This was prior to our first release, around 2001. Stix knew a promoter called Jerome, who used to bring over acts likeSuns Of Arqa and Twinkle Brothers, Misty In Roots etc. Anyway, Johno ( Dub Dadda) gave him a demo CD and he liked it. He offered us a show with Suns Of Arqa for £150.We thought about it for five minutes and said yeah. So, we packed up the Ford Orion with the studio and drove to Paris! I think we played to about 20 people, but that’s how we started the road… haha!
London based sound system Aba Shanti I was also influential in propelling Nucleus Roots’ career within sound system culture by being the first major sound system to play a Nucleus Roots track at a dance – ‘Deep Roots’ . The track has since been re-released in 10” vinyl with the previously unreleased dubplate versions.
Nucleus Roots are playing alongside Aba Shanti I in Manchester on Sat 13th September, a gig not to be missed as Aba Shanti-I hasn’t played in Manchester since 2008 and of course , Nucleus Roots are playing to their home crowd.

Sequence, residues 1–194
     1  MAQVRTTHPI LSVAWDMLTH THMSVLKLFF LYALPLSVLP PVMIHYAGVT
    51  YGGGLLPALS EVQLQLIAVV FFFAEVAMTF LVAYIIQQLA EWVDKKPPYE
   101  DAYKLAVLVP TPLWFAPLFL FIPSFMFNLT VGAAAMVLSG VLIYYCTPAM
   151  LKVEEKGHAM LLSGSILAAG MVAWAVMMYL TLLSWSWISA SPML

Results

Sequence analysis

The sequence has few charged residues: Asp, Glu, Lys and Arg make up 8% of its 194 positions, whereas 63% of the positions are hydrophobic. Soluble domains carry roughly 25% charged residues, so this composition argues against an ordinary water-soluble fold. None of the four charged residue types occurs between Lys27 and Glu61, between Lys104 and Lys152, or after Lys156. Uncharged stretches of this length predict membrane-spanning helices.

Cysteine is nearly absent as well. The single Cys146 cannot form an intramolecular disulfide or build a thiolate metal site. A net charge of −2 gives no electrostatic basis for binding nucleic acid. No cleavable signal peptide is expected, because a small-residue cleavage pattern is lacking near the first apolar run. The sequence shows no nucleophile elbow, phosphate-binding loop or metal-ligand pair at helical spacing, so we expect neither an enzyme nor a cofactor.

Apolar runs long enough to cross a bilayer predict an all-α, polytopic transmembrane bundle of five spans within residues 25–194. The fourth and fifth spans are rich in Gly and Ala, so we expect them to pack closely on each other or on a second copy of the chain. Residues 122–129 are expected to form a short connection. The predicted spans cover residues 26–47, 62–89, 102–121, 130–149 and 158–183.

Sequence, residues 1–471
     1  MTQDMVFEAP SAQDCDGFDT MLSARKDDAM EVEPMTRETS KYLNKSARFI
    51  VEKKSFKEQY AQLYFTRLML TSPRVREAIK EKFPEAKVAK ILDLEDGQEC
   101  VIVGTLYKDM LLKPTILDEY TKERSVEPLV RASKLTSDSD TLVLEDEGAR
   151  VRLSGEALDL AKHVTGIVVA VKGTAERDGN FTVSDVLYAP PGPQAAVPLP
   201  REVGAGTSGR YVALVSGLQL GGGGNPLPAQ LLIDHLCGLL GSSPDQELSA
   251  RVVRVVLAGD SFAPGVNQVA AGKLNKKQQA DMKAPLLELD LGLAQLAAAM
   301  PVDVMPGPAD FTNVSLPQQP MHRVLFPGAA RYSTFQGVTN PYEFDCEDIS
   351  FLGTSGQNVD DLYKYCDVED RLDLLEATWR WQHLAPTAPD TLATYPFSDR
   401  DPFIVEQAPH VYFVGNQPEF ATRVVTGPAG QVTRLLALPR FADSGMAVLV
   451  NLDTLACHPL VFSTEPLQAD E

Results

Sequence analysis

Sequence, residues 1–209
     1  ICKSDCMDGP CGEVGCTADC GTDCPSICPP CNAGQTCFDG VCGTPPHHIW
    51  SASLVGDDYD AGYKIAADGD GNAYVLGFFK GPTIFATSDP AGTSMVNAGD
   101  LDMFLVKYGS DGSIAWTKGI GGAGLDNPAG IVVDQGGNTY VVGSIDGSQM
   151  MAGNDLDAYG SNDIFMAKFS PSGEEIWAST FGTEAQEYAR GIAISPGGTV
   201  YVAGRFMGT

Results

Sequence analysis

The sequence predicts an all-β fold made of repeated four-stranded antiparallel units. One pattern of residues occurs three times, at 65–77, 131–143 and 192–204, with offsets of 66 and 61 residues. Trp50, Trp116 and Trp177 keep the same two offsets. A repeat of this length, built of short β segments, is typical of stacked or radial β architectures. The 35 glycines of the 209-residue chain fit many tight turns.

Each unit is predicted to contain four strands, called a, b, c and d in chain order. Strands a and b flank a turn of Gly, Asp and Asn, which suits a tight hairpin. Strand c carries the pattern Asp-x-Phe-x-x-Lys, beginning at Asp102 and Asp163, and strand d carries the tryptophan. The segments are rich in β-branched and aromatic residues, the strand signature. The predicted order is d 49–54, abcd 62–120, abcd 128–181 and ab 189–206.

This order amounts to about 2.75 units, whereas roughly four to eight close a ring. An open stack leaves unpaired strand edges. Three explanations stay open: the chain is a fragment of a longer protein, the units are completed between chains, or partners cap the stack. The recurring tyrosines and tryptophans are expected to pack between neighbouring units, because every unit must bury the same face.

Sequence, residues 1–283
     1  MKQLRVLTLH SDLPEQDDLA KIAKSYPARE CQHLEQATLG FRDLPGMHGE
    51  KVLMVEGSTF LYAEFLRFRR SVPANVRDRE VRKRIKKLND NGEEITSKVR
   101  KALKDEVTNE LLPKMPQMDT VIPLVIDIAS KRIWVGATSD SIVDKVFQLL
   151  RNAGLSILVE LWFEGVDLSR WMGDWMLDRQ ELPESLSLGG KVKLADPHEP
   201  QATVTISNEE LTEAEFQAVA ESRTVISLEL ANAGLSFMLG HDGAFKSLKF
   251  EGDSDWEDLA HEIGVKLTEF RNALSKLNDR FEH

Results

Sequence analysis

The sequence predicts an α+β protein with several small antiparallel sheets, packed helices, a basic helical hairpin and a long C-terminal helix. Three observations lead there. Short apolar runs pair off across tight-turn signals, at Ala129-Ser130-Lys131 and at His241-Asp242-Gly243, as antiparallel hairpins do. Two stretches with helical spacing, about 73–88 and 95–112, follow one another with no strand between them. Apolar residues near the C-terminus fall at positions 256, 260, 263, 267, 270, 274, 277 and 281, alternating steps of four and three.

You have to admire Nucleus Roots. They’ve crafted their own distinctive sound, forged a career touring in the U.K and Europe and are still producing quality music after nearly 20 years; A real grass roots outfit built on solid foundations.
Forward to today, their current release ‘Hail Up The Sound Man‘ features singer Ria and Trevor Roots and is available on 7” from all good independent record stores and high quality digital format.
PL: We’re set to release a few more tunes: another top track from Stikki Tantafari & Trevor Toots. It’s going be a busy summer for releases; it’s a good time for vinyl again.
Dubcentral has a lot of respect for Nucleus Roots . They’ve played in Sheffield with us many times over the last 15 years and have blown audiences away on every occasion. We strongly recommend that if you haven’t seen the band live that you make a date to see them. Nucleus Roots look set to continue for many years to come with the unique sound that is loved throughout the reggae scene.